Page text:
A sample section of EEG activity is shown, for different frequency bands. (Photo Credit: University of Houston Cullen College of Engineering)
  • Slow alpha brain waves (patterned waveforms changing between 8 to 13 times per second), normally seen during idling behavior, are thought to be suppressed during concentration and artistic appreciation. The relative power of alpha waves during eyes-closed, relative to eyes-open, is shown for different areas of the brain, with yellow corresponding to larger amplitude alpha waves. (left) When the subject has her eyes closed, the neural signals in the visual area (back) of her brain oscillate with higher amplitude due to idling in the absence of visual input. (right) The visual (back of head) and decision making areas (front of head) of the brain 'wake-up' when she is perceiving, evaluating, and interpreting a work of art.  (Photo Credit: University of Houston Cullen College of Engineering)
    Slow alpha brain waves (patterned waveforms changing between 8 to 13 times per second), normally seen during idling behavior, are thought to be suppressed during concentration and artistic appreciation. The relative power of alpha waves during eyes-closed, relative to eyes-open, is shown for different areas of the brain, with yellow corresponding to larger amplitude alpha waves. (left) When the subject has her eyes closed, the neural signals in the visual area (back) of her brain oscillate with higher amplitude due to idling in the absence of visual input. (right) The visual (back of head) and decision making areas (front of head) of the brain 'wake-up' when she is perceiving, evaluating, and interpreting a work of art. (Photo Credit: University of Houston Cullen College of Engineering)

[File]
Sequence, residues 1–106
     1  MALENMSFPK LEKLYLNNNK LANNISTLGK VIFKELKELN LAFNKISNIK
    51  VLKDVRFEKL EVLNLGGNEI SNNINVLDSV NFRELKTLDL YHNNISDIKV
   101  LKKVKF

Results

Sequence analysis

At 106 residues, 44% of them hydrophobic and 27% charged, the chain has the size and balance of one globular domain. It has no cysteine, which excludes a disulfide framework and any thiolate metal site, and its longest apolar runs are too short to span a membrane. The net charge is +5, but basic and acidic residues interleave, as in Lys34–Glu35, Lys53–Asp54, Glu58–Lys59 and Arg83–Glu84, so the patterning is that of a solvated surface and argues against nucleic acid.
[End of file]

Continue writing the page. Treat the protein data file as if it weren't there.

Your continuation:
• Faster gamma brain waves (oscillating at 32 to 40 times per second) have also been observed during aesthetic appreciation. Gamma waves are thought to represent local computations among groups of neurons. Compared to the eyes closed condition were most brain areas are idling (left), gamma waves across left-frontal areas of the brain increase as the subject is experiencing a work of art (right).   (Photo Credit: University of Houston Cullen College of Engineering)
    Faster gamma brain waves (oscillating at 32 to 40 times per second) have also been observed during aesthetic appreciation. Gamma waves are thought to represent local computations among groups of neurons. Compared to the eyes closed condition were most brain areas are idling (left), gamma waves across left-frontal areas of the brain increase as the subject is experiencing a work of art (right). (Photo Credit: University of Houston Cullen College of Engineering)

*Click the ‘i’ for more information about each slide above.

Read Part One: University Of Houston Brain Study Explores Intersection Of Art And Science